How to write a summary.
It is useful to learn how to write a good summary because we often need to summarise different kinds of documents. In his presentation “How to write a summary,” Shaun Mcleod claims that there are four main things to keep in mind in order to write a successful summary. A summary must be clear, concise, and brief. This means that only the main, essential information should be included. Ideally, someone who did not see or read the original will get all the important information about it from your summary. Being concise means not providing unecessary detail or description. A summary needs to be well structured with an introduction, a topic sentence, supporting sentences, and a conclusion. The topic sentence might contain information about the nature of the document, the title, and the author. Each supporting sentence will communicate one main idea. It is important to follow the same order as the original document. It is very important to paraphrase and not quote or copy. When writing a summary, you must use your own words. A summary should be objective, which means reporting information rather than giving your own opinion on it. According to the speaker, if you follow all of this advise, you will improve your summary writing skills. (214 words)
UK Visa policies put off international students
UK; University of Westminster; London Metropolitan University
International students (genuine vs. bogus); Home secretary Teresa May; Mayor of London Boris Johnson; vietnamese doctoral student; visa advisor from University of Westminster
international student visas; immigration statistics very high but recent decrease due to fewer international students
new policies; restrictions on student visas; longer waiting periods; removing international students from the UK
Some students are abusing their visas to work rather than study
Consequences/outcome/ questions raised?
discourage students from coming to UK; difficult for genuine students to get visas; loss of international students has financial, cultural and academic consequences for universities
An article about Coca Cola
Write an article on Coca Cola for a business magazine. Use the notes below and the correct form of the words in brackets.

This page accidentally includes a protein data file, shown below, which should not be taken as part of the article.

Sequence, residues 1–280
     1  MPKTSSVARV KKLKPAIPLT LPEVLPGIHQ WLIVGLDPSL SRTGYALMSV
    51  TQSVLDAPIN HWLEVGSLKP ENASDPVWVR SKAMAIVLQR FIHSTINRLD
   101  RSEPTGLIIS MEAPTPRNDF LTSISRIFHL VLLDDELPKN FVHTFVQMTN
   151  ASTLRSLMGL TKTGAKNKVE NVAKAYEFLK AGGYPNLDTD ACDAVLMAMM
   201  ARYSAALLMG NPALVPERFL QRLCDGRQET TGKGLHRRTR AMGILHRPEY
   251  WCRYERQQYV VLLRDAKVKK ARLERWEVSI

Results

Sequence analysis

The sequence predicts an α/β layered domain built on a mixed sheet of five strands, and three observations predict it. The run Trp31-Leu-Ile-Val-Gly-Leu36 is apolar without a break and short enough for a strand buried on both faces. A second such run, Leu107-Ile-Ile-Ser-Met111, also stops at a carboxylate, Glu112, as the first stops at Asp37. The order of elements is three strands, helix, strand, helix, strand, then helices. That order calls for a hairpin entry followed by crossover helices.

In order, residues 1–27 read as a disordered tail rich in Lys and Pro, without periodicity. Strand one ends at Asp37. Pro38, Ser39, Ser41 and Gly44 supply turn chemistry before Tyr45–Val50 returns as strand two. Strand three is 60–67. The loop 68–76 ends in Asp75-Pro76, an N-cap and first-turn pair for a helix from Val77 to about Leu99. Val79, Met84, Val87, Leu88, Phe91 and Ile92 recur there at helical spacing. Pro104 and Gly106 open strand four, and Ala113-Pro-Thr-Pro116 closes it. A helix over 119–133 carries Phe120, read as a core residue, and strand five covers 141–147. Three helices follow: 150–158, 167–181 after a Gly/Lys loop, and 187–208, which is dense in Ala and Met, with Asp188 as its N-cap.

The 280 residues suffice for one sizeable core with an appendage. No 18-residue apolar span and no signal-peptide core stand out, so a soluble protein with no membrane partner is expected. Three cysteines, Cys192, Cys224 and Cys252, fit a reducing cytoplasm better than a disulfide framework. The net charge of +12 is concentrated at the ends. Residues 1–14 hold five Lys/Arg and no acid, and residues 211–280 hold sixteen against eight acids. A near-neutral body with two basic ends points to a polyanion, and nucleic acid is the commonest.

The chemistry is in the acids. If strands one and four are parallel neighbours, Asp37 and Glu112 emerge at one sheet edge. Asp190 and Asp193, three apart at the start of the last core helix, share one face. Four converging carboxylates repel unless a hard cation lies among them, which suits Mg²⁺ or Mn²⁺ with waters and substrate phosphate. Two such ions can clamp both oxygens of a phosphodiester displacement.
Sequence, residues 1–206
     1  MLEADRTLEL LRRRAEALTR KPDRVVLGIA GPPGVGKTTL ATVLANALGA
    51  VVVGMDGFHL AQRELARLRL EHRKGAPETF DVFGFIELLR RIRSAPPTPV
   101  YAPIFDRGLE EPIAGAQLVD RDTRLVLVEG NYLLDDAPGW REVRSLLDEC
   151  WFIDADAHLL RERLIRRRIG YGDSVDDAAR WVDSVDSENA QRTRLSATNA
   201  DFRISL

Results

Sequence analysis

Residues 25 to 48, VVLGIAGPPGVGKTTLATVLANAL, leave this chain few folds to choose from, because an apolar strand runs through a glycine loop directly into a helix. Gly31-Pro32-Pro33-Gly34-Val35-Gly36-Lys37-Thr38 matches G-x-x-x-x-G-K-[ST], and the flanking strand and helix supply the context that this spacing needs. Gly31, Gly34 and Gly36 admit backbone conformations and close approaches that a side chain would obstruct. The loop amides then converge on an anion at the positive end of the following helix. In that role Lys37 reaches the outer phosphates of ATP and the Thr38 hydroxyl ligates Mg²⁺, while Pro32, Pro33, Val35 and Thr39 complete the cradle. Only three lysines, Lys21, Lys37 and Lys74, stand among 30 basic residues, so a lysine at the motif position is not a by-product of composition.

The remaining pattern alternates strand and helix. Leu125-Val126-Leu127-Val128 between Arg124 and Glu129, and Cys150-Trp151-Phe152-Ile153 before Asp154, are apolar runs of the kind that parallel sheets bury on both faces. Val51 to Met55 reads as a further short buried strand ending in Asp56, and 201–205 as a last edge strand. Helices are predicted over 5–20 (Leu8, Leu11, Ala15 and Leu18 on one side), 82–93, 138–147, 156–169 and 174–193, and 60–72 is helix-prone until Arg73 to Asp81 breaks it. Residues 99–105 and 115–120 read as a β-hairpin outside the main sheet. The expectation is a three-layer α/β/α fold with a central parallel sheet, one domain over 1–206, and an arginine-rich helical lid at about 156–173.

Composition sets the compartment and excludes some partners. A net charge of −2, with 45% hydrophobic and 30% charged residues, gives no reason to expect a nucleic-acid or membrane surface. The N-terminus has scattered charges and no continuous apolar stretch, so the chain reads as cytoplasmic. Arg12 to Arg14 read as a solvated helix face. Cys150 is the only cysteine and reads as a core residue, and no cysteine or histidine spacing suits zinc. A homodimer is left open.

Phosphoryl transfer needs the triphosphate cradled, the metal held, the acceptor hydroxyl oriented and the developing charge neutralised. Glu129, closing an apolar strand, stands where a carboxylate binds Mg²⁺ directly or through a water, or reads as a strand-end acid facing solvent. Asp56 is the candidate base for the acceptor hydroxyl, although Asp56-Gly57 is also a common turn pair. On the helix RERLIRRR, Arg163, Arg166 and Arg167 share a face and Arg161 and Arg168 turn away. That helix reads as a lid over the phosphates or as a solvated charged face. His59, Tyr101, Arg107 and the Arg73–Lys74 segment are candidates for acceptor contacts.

Birth of a refreshing idea
Coca Cola born in Atlanta, Georgia, May 8, 1886
Dr John Smith Pemberton: pharmacist, (invent and produce) syrup
Syrup (mix) with carbonated water
First ad for CC in The Atlanta Journal
Pemberton gradually (sell) portions of business
A symbol of friendship
World War II: new opportunities for the company
Objective of CC: a bottle of CC for US soldiers for 5 cents everywhere
During war: military service personnel (consume) over 5 billion bottles
Local populations: Coke popular
End of war: growth for the company
A global business
End of 20th century: expansion and deep bond with people everywhere
3 independent surveys: CC most famous + favourite brand in world
Beyond taste: emotional attachment
Example: 1985 : new taste for Coke
In blind tests: OK, but people (not want to lose) original Coke
So original formula back as Coca Cola Classic
Other landmark: introduction of Diet Coke, 1982, very successful
Today: company (operate) in over 200 countries; (market) almost 450 brands
Sophisticated system to produce and distribute products (e.g. Diet Coke, Sprite and Fanta)
Here is an example of the kind of text you could write:
Coca Cola was born in Atlanta, Georgia, on May 8th, 1886. The pharmacist, Dr John Smith Pemberton, invented and produced the syrup which was mixed with carbonated water. The first advertisement for Coca Cola appeared in The Atlanta Journal. As the company grew, Pemberton gradually sold portions of the business. World War II presented new opportunities for the company. The company aimed to provide every American solider with a bottle of Coca Cola for just five cents, no matter where they were. During the war, military personnel consumed over five billion bottles of the fizzy drink. Coke became popular among local populations and following the end of the war, sales, and the company, grew. By the end of the 20th century, the Coca Cola company has expanded to become a global business. The brand has established a bond with customers all over the world and was voted the world's favourite brand in three independent customer surveys. It seems that Coca Cola drinkers have an emotional attachment to the brand which goes beyond questions of taste. This is exemplified by the company's attempt to create a new taste for its famous product. The result of blind tests showed that, even though customers thought the new taste was satisfactory, they did not want to lose the original Coke flavour. As a result, the original formula was brought back and marketed as Coca Cola Classic. Another landmark in the product's history was the successful introduction of Diet Coke in 1982. Today the company operates in over 200 countries, markets almost 450 brands, and has developed a sophisticated system for the production and distribution of its products, which include Diet Coke, Sprite, and Fanta.